The dire economic situation is changing even the ‘drug game’ in Athens. The financial crisis has forced more drug users into prostitution and more dangerous drugs that cost less but kill more. Undocumented immigrants are ‘recruited’ by local mafia and pushed into the illegal drug market, often as a way to pay off their trafficking fees.
It’s a cold winter afternoon and Maria* is fixing her makeup in a glittered storefront window in downtown Athens. Maria, an occasional sex worker, is 27 years old, but drug use and life on the streets have left her looking older.
Her two front teeth are missing and her skin badly damaged by ‘sisa’, a dangerous mix of crystal meth and unidentified chemicals that has invaded the Greek drug market over the last two years. Costing just two to three euros per fix, the new drug has proven a popular alternative to heroin.
The dire economic situation has forced more drug users into prostitution and addicts are more willing to take risks with men who pay more for unprotected sex. Maria’s clients are Greek married middle aged men who buy sex from drug users for 10 to 15 euros.
“They usually buy sex in the morning and they don’t use condoms”, says Maria, who recently discovered she was HIV positive. “I refuse unprotected sex, but men become pushy and it’s hard to say no”, she adds.
As Greece enters its third year of financial crisis, economic hardship and despair is fraying the country’s social fabric. In a nation of 11 million, almost four million people are unemployed, while those still working have seen their salaries cut by more than 30% since 2009.
As part of its strict austerity measures set by foreign creditors, Greece is forced to keep public health expenditures below 6% of its gross domestic product which was worth $298.73 billion dollars in 2011. However, the average for the countries of the Organization for Economic Cooperation and Development (OECD) is 9%.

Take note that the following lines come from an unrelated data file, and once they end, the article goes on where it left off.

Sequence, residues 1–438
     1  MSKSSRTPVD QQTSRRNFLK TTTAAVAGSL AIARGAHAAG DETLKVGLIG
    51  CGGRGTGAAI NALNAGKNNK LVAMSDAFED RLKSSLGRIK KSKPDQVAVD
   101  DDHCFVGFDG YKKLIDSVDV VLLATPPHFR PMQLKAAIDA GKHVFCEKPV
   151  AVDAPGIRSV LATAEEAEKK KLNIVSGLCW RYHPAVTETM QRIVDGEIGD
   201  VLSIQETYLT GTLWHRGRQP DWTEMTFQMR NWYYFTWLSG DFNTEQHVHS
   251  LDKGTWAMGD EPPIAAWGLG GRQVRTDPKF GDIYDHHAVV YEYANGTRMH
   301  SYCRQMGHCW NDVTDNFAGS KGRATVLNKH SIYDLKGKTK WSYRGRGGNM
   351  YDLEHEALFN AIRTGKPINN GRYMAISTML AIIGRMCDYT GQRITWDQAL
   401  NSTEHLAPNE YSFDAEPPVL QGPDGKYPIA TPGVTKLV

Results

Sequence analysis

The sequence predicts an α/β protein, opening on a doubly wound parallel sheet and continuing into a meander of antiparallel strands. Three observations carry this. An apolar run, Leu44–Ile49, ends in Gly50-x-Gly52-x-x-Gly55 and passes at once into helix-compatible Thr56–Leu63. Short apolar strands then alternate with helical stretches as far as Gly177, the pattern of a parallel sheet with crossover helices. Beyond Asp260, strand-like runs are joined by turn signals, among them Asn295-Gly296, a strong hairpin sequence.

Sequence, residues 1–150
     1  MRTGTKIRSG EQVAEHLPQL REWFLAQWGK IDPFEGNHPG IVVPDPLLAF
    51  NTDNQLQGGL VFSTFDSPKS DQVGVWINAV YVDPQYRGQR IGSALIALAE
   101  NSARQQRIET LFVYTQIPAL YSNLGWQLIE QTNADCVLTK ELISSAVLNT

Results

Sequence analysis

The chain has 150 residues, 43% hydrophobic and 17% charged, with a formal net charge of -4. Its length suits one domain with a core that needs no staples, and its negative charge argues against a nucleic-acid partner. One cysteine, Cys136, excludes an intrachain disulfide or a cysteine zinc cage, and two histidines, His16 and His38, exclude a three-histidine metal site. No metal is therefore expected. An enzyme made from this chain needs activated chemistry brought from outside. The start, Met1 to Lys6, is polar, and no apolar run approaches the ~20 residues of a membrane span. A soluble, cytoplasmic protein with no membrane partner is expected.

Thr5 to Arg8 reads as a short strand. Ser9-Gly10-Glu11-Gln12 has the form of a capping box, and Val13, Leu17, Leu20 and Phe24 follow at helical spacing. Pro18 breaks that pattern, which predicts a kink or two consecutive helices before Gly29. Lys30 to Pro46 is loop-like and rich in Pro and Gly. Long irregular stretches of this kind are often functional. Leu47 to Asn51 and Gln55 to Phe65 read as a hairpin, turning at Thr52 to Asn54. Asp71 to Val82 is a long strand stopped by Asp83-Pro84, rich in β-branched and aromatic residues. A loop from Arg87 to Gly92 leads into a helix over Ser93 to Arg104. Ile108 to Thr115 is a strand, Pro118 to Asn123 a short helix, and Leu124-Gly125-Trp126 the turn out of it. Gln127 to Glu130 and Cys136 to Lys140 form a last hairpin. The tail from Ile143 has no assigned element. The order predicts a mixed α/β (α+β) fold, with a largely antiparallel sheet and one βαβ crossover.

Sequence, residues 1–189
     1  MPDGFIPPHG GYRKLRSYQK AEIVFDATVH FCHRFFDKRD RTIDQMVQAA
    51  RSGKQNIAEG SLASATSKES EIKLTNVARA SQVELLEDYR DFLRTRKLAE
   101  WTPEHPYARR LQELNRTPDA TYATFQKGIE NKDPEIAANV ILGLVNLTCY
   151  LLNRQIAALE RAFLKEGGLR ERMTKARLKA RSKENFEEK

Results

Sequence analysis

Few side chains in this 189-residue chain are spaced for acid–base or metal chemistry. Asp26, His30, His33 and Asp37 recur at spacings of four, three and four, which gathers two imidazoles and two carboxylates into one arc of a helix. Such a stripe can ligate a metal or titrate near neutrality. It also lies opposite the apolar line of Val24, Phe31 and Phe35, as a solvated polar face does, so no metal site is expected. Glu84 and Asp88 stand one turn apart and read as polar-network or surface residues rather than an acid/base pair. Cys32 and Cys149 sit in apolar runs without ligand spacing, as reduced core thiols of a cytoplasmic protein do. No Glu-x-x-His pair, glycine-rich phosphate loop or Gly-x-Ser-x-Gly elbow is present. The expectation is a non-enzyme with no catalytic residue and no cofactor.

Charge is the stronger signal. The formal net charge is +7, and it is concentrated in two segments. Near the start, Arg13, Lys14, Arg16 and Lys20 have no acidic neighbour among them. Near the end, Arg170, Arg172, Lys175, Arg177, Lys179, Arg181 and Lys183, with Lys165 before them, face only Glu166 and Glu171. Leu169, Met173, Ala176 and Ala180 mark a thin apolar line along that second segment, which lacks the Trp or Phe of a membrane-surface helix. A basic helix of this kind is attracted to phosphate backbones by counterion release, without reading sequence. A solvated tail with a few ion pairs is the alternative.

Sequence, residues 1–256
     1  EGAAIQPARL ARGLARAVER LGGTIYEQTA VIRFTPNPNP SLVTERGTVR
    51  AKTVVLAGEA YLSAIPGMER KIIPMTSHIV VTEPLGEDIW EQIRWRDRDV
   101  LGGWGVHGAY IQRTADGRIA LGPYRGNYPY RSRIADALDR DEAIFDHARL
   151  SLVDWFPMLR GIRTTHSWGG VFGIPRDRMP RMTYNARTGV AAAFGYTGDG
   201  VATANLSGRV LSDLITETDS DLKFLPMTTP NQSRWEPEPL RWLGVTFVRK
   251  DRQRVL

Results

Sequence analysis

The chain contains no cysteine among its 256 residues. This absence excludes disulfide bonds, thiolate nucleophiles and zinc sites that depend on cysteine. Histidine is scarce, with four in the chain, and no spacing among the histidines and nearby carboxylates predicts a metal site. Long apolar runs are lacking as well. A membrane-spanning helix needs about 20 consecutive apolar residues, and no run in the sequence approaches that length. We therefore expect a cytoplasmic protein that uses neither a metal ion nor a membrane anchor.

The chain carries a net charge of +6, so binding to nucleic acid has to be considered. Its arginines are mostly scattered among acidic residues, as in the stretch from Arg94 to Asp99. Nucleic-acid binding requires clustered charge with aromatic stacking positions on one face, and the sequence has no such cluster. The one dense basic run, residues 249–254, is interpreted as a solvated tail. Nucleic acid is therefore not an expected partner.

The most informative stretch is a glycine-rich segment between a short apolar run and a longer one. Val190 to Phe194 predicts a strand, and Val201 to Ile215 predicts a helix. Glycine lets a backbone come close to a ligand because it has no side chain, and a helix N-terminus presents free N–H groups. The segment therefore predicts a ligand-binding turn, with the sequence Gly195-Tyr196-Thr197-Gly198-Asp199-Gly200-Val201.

While the Greek government has been reluctant to pass reforms that would hit the country’s oligarch families who control the financial sector, it was fast to cut social programmes and welfare by 40%, introduce patient fees for all outpatient visits, and slash the salaries of hospital staff.
As a result, the country has witnessed an alarming surge in intravenous drug usage, prostitution and HIV infections.
Until 2010, HIV infections amongst injecting drug users (IDU) were 10 to 15 per year. In 2011, this number jumped to 256, while in the first half of 2012 an additional 314 cases were reported, the Stockholm-based European Center for Disease Prevention and Control (ECDC) reported. This represents a total increase of almost 1,500%.
“The economic crisis has affected dramatically the lives of all Greeks, but people who use drugs were the hardest hit”, says Charalampos Poulopoulos, director of the Therapy Center for Dependent Individuals (KETHEA), one of Greece’s largest networks of drug outreach and rehab facilities. “Treating the addiction and keep people in a therapeutic community costs six times less than confinement. However, the government has cut social spending without taking into account the humanitarian and social cost. This creates a very dangerous situation”, he adds.